This is my list of knots and splices I use.
There are over a thousand knots uniquely identified - so my list is a selection list of just the knots I find useful in steel construction.
Whereas there are very few splices and I use just about all of them.
A point I have never met but it could be important to some users - both ropes and braids can be knotted using identical knots, whereas the classic splices are only applicable to 3-strand rope.
The knots have a thousand and one uses in any number of impromptu occasions. Whereas the splices are the stolid workhorses of the familiar scenarios.
Subsections within the category of hitches:
Only to be used around fairly simple shapes - tubes and square-sections and essentially cylindrical objects - but endlessly useful.
For when the pull is along the length of what the rope is knotted around.
For joining ropes end-to-end. Joining ropes end-to-end is easily done with a "short-splice" which is stronger, more secure and small (doesn't get caught on objects it's passing) - so less used. Except in an emergency, in the dark - keep them practiced!
For stoppering the end of a rope, so it doesn't fray - and can be pushed through small openings without snagging. With polymer ropes, the ease with which you can melt the end of the rope with a small butane lighter and pinch it to a neat end seal is fine - until you are on a scaffold several storeys up on a building in a high wind with a dirty and wet rope... Then you do want a back-splice!
The general-purpose way of joining ropes together end-to-end to give effectively one long rope. Two main uses I meet:
When manually rope-hoisting up several floors height, can join ropes to make the length required. And easily inspected at a distance for this critical task - as though the splice(s) are small, you can see where they are and their simple cylindrical shape is easy to verify at a distance.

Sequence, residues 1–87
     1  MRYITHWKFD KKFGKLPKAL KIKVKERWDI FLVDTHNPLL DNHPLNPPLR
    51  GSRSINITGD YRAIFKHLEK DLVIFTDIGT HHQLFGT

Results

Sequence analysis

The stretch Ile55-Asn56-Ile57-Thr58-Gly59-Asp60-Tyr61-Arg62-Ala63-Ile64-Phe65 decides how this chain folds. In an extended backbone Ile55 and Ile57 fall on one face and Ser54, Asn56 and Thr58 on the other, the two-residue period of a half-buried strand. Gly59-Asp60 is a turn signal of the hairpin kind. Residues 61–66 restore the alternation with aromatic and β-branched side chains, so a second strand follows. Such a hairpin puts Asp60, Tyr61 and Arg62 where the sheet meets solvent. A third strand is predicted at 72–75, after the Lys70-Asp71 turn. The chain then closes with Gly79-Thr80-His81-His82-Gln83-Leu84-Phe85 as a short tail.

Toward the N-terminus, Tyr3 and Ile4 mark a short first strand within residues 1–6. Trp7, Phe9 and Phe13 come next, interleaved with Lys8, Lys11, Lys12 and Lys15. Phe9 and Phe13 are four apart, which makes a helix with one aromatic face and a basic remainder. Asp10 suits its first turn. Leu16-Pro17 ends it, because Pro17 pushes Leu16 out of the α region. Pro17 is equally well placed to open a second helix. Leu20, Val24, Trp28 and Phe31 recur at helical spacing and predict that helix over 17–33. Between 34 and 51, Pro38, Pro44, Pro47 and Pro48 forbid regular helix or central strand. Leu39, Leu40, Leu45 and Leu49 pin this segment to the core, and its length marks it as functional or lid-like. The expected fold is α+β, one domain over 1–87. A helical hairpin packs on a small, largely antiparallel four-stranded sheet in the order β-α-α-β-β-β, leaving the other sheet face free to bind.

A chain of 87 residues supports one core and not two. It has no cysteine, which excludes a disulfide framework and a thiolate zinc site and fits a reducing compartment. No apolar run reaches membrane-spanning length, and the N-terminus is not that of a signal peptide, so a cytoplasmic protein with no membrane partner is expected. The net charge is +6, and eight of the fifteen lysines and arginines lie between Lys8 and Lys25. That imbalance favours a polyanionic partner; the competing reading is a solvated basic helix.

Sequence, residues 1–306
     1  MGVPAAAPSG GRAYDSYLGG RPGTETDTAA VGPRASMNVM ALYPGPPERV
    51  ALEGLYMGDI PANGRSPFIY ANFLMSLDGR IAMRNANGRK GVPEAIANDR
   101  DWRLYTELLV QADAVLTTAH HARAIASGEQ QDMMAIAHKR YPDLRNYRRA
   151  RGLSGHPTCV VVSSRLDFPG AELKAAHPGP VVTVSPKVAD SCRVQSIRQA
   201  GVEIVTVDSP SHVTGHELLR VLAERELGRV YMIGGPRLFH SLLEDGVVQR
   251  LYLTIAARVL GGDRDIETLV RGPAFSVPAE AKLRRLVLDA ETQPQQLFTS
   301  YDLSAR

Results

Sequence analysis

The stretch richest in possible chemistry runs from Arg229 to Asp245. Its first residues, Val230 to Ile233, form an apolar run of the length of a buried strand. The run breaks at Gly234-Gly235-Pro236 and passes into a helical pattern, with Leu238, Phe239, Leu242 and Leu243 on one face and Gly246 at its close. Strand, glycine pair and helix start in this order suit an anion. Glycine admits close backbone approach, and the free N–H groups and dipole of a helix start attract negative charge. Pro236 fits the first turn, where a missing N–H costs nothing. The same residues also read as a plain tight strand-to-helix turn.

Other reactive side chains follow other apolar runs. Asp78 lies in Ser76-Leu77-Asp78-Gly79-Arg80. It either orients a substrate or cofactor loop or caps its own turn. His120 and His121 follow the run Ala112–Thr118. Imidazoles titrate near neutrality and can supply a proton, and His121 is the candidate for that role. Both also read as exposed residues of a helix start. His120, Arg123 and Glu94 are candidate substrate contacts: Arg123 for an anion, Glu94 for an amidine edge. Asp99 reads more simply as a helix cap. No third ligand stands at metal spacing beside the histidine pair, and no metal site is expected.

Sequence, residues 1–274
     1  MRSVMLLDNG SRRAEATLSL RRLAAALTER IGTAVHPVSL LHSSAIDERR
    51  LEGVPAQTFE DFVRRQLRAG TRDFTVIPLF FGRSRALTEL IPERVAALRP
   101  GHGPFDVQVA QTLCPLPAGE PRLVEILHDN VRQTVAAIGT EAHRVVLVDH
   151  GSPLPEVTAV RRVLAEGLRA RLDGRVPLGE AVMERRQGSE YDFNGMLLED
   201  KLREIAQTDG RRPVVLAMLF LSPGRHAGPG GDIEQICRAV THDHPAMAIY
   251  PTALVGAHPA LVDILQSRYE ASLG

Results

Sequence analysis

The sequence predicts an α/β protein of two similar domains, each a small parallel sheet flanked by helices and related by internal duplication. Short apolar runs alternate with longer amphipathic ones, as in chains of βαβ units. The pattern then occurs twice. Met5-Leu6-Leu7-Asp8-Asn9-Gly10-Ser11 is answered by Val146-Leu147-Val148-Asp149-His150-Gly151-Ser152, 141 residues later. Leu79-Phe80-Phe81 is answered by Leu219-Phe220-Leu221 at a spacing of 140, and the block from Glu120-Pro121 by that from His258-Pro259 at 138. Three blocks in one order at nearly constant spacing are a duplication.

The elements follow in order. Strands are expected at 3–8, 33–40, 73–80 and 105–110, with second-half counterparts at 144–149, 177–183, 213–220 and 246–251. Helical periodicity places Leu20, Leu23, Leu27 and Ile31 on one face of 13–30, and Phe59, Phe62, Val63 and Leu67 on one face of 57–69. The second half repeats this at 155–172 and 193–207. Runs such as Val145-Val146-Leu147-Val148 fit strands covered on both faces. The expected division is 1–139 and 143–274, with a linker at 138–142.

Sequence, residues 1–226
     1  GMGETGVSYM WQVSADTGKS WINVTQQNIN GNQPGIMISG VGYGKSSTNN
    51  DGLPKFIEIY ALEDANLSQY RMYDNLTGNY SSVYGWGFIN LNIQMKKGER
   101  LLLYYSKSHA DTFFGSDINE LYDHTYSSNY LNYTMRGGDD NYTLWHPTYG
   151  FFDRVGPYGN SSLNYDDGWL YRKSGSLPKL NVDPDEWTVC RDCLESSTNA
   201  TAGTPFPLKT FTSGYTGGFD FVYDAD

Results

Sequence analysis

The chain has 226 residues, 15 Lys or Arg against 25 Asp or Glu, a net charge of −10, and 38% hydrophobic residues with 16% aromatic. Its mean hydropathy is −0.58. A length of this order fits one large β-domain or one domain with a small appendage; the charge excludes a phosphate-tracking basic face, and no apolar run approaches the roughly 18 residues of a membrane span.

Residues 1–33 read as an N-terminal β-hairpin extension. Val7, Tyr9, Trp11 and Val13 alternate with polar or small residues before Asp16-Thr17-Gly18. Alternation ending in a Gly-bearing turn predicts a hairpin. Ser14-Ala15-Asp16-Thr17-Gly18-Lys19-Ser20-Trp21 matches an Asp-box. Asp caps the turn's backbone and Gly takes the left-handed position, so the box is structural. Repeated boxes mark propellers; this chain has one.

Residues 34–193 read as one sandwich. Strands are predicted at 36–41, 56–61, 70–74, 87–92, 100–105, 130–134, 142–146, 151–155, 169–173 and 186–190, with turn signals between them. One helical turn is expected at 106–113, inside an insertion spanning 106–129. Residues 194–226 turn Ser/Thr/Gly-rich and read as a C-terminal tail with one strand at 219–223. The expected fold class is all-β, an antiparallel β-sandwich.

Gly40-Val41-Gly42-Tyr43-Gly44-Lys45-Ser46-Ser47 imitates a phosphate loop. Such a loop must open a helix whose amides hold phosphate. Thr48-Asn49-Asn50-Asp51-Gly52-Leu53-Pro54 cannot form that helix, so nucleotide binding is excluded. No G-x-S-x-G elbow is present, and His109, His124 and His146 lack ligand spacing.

For joining the two ends of a rope together to make a ring of rope - a "strop". Easy to make and endlessly useful. For carrying things, the bigger-diameter region of the short-splice rests comfortably over the shoulder - and putting equal weights on each shoulder makes for carrying a lot of equipment and material with very limited demand on the body. Make strops to exactly the lengths required. Can strop-hitch around handles of equipment to rest on shoulder (load near body-centre) rather than carry by the handle (painful). Then bundle your overalls, high-vis. jacket, etc, together hanging from your shoulder to go home (constrictor knot, which you can form in an endless rope, grips the bundle into a tight package).
Forms an "eye" (small loop) for attaching a rope to things. Very high strength - makes an end termination which is no less strong than the rope itself - a remarkable property.
* less used * Joins a rope in at right-angles to one passing by. One use for this is forming a branching 6mm rope "tree" for tying-off tools (clove-hitch or constrictor-knot) when working on a tower. The "root" of the "tree" is tied to a pole of the tower. So the tools can still be used easily, but you cannot drop them to the ground, nor can they fall off the platform when you are moving the tower.
* less used * Joins two ropes end-to-end and the join region is barely larger diameter at any point than the ropes being joined. Classic use was joining ropes which had to go over pulleys, but no use of block-and-tackle on construction sites for decades now. Keep it practiced just for the sake of honouring old traditions. Can't easily see where the splice is, is less obvious construction to inspect and is less strong than a short-splice, so wouldn't use it for splicing ropes together where a short-splice is fine. But you never know - you might need a belt of some kind (join a rope's own ends together), or something like that, then you'd be the hero of the moment...
In a few narrow circumstances, can be very useful indeed if you need short specific-length strops. A grommet is a ring of rope formed by laying back on itself 3 times in a circle just one strand taken from length of (3-strand) rope. In factory work, if the hoist is on a gantry (frame) giving very limited head-room, can be used to form an electrically insulating break when welding a component "on the crane" ((part) suspended from the crane), without "wasting" hoist height with an over-long commercial sling.
This example is so specific that it makes the general point - keep all these skills practiced - the number of ways they prove useful never ceases to amaze. The number of "difficult" jobs where you can conjure-up a secure, safe, completely-controlled solution will always advantage a practiced rope-user.
(Richard Smith, November 2009)